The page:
In a cinematic universe of thunder gods, sorcerers and kids with spider powers, the latest Marvel character to star in his own Netflix series feels like their most human hero yet, with a story that is just as grounded in the real world as it is in Marvel’s.
Although this series is not the first time we’ve been introduced to Mike Colter’s Luke Cage, his time on previous Netflix series Jessica Jones is only briefly mentioned, with the welcome effect of allowing Luke to develop as his own character separate from Jones. From the outset of the series, he is working multiple jobs, struggling to pay rent and doing everything he can to maintain a normal life despite his powers.
However, Cage’s inability to stand down in the face of injustice is ultimately what drives both his character and the series. Throughout the series, he balances an intense sense of morality and a need to do the right thing with overwhelming guilt and a desire to fade into the background. When the operations of Mahershala Ali’s devious Cottonmouth and his gang threaten the safety of Harlem and its citizens, the right thing wins out over obscurity and Cage leaps into action.
Also at the front of the series’ action is Simone Messick’s Detective Misty Knight, who almost seems to be a female counterpart for Cage, with a strong belief system and an inability to be a bystander. Although it is Cage’s series, Knight is far from a sidekick and seems to have her own storyline throughout the series that focuses on her own efforts to combat Harlem’s crime problem.
While Ali and Messick’s characters are definitely the two standouts of Luke Cage’s supporting cast, each character was given an opportunity to shine in their own unique ways, including Rosario Dawson’s Claire Temple, who returns to Marvel and continues a unique character arc that has been spread across all three of the Netflix shows so far. In a sense, even Harlem could be considered a character in its own right, with vibrant pop culture references and visuals interspersed throughout the season.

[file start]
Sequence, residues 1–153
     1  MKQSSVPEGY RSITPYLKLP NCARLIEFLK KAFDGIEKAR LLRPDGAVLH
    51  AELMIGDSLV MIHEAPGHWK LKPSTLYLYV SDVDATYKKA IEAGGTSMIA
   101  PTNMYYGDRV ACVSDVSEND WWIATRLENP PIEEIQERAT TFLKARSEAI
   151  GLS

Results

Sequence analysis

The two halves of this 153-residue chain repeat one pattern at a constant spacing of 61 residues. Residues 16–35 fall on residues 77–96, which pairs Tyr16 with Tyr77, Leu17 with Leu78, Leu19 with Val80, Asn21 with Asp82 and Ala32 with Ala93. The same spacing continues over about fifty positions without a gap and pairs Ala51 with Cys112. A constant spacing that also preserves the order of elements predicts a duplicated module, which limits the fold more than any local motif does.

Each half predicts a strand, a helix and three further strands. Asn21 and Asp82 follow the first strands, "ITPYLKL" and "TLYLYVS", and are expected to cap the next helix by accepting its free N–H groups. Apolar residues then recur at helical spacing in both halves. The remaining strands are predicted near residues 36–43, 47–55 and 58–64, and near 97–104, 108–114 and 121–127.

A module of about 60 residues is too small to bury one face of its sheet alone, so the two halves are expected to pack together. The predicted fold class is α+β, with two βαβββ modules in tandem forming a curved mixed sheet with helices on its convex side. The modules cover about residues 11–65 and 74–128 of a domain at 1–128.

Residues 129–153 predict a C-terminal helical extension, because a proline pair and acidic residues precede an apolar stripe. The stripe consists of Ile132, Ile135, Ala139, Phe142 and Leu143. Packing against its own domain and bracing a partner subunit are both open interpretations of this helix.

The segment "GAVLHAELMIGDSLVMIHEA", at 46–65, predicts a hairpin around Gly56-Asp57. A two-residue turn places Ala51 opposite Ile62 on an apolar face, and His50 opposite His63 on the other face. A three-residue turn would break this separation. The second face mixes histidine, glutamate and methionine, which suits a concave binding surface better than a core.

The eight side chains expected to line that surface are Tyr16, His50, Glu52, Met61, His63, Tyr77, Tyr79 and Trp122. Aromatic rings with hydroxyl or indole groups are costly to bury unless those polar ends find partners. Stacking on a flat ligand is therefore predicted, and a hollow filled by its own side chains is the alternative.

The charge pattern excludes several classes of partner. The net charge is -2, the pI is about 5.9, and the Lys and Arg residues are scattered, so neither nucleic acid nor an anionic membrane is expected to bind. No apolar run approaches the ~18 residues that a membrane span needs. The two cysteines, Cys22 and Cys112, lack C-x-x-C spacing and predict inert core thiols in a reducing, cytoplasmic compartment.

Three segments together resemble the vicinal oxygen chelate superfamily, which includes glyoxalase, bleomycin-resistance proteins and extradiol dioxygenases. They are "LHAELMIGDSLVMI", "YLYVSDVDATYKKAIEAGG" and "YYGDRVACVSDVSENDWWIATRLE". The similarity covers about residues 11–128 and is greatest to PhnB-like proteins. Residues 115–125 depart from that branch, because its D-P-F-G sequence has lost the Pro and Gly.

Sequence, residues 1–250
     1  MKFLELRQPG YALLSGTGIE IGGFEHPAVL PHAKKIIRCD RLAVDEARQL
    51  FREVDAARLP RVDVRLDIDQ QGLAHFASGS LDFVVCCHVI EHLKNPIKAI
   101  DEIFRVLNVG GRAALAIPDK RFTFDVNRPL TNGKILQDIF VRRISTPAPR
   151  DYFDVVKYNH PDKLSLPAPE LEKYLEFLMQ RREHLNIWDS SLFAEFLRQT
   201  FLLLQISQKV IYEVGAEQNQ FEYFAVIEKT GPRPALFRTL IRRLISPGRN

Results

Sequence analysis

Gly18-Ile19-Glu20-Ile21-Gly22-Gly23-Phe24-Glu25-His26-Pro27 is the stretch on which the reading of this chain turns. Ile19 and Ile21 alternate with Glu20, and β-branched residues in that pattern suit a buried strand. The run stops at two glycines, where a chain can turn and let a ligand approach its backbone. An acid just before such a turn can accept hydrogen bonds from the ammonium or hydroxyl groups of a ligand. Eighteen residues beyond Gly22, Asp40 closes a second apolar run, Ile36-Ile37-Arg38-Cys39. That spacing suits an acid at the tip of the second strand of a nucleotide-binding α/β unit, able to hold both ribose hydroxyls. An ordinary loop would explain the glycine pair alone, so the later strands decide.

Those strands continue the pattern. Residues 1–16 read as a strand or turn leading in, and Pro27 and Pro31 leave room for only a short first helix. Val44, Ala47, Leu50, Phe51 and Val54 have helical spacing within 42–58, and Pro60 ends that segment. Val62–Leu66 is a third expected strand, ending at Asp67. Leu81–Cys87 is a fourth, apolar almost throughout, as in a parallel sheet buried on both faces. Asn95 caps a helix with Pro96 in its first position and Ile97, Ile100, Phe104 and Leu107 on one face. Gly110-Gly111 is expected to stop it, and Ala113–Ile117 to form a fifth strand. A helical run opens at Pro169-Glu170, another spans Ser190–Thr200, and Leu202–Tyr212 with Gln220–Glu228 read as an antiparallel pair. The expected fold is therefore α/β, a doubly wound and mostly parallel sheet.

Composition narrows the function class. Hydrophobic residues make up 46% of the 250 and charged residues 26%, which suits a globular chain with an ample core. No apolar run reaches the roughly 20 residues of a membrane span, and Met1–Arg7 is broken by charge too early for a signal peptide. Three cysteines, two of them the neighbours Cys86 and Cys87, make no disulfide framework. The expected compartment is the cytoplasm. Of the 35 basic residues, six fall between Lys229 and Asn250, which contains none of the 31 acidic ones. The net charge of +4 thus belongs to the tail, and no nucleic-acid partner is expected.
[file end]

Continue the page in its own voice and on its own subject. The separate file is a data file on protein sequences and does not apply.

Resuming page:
The only drawback to the otherwise riveting arc of the season was when it shifted away from Ali’s Cottonmouth as the main villain, to one with considerably less substance and back-story. Otherwise, almost every other character, from the more minor Pops to the crooked councilwoman Dillard, seamlessly ropes in the viewer as if the series actually revolves around them.
Conceptually, by focusing on a black man in America who cannot be shot dead, the series also carries a powerful and brave message in a time of corruption and injustice in the real world. Cage stands strong despite both physical and emotional hardships in the face of power players that appear content to maintain a status quo of corruption and institutional racism. In a sense, even Cage’s refusal to back down from what he believes in represents a more figurative type of bulletproof skin in the modern world he lives in.
Overall, Luke Cage proved to be another win for Marvel’s Netflix universe, by taking a character viewers thought they knew from their last series and giving him much more depth. By the end of the series, there is even the sense that we’ve still only seen the tip of the iceberg for Colter’s character. I’ll be looking forward to seeing where Marvel takes the character next when he and the rest of Netflix’s heroes return in The Defenders.